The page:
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Forest Hills Jewish Center For Sale to Sustain Synagogue’s Future
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Forest Hills Jewish Center For Sale to Sustain Synagogue’s Future

Services and program will go on interrupted during development of the 36,000-square-foot site.

Hannah Dreyfus is a staff writer at the New York Jewish Week. She covers abuses of power in non-profit and religious settings. She heads up the Investigative Journalism Fund, an initiative to fill a gap in investigative and enterprise reporting. Reach her at hannah@jewishweek.org

The Forest Hills Jewish Center at 106-06 Queens Blvd. is on the market for a price of $50 million. (Flickr Commons)
The Forest Hills Jewish Center at 106-06 Queens Blvd. is on the market for a price of $50 million. (Flickr Commons)

The Forest Hills Jewish Center is on the market for $50 million in order to “pave the way” for the congregation’s future.

“Our intention is to redevelop the site to build a new Forest Hills Jewish Center,” Deborah Gregor, executive director of the Conservative synagogue on Queens Blvd., told The Jewish Week. Putting the 70-year-old building on the market now is “the next step in that process.”

“We were given this building as an asset, and now we want to use it to sustain the community for the next 70 years,” she said.

Gregor added that the Jewish Center is “committed to not missing one day of providing services to this community during the process.”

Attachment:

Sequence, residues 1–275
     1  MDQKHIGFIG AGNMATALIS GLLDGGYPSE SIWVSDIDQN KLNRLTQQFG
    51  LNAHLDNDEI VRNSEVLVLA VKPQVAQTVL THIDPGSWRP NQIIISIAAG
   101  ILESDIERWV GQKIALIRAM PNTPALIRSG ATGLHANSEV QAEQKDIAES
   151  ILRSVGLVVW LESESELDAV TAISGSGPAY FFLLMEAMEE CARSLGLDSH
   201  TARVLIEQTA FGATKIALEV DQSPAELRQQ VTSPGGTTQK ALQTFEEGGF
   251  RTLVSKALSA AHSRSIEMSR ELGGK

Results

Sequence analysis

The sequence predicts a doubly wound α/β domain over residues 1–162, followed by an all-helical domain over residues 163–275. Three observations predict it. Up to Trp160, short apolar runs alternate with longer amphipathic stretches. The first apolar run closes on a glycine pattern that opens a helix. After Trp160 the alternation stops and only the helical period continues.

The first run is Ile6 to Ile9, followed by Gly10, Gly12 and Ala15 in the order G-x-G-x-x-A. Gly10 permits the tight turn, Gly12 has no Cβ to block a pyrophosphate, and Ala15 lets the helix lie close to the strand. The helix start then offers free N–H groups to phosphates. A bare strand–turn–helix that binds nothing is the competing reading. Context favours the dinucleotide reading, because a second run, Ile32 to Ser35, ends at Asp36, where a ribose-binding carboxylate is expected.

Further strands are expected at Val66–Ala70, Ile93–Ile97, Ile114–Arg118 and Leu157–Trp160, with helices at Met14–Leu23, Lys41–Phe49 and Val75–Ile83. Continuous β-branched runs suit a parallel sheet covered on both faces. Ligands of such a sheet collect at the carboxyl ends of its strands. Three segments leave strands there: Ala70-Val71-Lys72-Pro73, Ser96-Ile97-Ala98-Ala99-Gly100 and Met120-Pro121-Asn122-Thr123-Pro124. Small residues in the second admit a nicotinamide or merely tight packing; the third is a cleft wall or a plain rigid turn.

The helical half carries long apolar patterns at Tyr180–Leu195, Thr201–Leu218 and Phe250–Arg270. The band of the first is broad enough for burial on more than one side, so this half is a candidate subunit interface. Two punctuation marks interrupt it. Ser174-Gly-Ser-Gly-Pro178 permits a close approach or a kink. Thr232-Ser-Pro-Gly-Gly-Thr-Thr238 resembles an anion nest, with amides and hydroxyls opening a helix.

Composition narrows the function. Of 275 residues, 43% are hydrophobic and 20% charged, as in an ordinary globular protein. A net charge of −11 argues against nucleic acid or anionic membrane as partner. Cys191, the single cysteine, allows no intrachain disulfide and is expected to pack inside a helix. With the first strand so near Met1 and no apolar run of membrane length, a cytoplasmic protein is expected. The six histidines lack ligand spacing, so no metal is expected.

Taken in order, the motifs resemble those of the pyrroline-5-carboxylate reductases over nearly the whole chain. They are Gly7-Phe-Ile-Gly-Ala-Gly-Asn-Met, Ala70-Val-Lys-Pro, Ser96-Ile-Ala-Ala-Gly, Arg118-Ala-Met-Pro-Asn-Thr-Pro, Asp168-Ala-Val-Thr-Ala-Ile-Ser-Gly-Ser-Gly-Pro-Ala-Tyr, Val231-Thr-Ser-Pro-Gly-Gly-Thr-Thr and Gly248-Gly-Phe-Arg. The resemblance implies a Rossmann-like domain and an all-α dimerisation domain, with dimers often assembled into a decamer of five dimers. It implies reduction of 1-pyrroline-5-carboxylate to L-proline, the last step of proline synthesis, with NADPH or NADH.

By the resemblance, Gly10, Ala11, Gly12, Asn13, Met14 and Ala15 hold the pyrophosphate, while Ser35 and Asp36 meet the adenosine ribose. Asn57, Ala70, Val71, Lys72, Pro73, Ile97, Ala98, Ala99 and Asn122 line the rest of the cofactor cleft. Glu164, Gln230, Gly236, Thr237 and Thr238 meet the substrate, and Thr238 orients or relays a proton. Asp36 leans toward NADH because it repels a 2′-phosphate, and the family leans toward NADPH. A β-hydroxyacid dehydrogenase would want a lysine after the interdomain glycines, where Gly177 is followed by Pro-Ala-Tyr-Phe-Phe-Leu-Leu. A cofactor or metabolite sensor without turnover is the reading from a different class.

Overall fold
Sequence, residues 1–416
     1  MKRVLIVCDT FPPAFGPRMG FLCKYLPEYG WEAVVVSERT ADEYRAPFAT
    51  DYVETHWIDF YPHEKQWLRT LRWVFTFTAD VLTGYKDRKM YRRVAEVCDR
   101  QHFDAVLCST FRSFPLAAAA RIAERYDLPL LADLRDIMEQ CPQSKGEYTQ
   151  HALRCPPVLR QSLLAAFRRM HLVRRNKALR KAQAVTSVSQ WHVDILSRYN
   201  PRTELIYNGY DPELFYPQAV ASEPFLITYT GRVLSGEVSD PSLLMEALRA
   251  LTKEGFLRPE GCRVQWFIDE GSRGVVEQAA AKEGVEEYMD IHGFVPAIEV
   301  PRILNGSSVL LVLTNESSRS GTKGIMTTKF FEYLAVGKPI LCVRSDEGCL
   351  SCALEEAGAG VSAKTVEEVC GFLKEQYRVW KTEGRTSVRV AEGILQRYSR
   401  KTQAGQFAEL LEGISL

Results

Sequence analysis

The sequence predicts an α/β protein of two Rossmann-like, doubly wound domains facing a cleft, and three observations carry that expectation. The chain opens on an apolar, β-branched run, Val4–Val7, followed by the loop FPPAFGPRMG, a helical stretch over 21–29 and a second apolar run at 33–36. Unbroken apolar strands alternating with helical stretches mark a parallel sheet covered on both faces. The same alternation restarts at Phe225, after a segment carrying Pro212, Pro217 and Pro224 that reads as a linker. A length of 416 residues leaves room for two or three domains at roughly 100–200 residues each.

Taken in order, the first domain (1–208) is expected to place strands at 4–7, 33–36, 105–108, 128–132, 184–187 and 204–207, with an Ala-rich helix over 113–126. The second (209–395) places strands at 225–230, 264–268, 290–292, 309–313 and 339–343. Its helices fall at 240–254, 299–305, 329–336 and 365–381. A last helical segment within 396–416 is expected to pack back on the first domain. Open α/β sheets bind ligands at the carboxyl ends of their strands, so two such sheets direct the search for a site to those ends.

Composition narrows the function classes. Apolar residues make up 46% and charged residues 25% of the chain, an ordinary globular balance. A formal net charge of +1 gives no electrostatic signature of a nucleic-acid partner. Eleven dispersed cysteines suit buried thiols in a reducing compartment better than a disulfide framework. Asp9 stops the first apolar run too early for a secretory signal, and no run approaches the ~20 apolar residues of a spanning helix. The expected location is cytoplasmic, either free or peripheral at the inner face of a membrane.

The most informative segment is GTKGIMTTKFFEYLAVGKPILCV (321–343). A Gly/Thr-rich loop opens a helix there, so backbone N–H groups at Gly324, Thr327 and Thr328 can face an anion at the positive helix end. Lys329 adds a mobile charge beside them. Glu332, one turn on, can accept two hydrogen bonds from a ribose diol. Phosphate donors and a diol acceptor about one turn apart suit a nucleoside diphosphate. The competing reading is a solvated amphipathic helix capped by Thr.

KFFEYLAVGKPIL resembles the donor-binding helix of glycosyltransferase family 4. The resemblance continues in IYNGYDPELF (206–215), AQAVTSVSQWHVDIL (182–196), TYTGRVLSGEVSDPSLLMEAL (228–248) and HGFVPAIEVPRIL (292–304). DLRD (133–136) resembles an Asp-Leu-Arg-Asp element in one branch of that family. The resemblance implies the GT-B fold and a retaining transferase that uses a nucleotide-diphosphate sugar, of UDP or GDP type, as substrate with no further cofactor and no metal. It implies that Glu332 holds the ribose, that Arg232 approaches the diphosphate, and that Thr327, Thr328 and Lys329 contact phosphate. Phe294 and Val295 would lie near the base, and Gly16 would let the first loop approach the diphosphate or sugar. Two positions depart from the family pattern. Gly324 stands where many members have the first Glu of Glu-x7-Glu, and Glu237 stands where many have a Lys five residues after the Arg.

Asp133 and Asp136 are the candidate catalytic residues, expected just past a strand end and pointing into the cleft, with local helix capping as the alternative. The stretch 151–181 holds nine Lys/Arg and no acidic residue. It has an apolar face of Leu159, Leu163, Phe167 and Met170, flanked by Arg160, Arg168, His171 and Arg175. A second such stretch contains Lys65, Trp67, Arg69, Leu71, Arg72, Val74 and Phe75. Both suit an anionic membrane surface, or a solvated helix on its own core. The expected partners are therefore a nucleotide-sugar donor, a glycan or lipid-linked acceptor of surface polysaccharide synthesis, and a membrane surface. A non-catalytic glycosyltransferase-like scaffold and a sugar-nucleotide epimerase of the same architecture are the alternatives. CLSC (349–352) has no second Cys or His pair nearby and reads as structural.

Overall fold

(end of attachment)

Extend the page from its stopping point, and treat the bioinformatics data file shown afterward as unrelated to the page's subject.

QNS.com first reported that the 36,000-square-foot lot, zoned for mixed-use development, had been listed by B6 Real Estate Advisors (B6), an investment sales and capital advisory brokerage. The four-story synagogue includes a swimming pool, meeting rooms, classrooms, two ballrooms and a senior center.

From 1933 until his death in 1984, its senior rabbi was Rabbi Ben Zion Bokser, an author, professor and a leading scholar and religious authority in the Conservative movement. He was succeeded by Rabbi Gerald Skolnik, its current rabbi and frequent contributor to The Jewish Week.

In 2018, the synagogue hoped to redevelop the site with a mixed-used building that would include a smaller synagogue better suited to a congregation that has fewer members than at its peak.

In a recent newsletter, synagogue leaders said they were facing “immense challenges,” including loss of income due to the pandemic.

“We will continue to operate as part of the new development or at a facility nearby,” Gregor said. “Our congregation is strong, the synagogue is healthy, and our membership is committed.”

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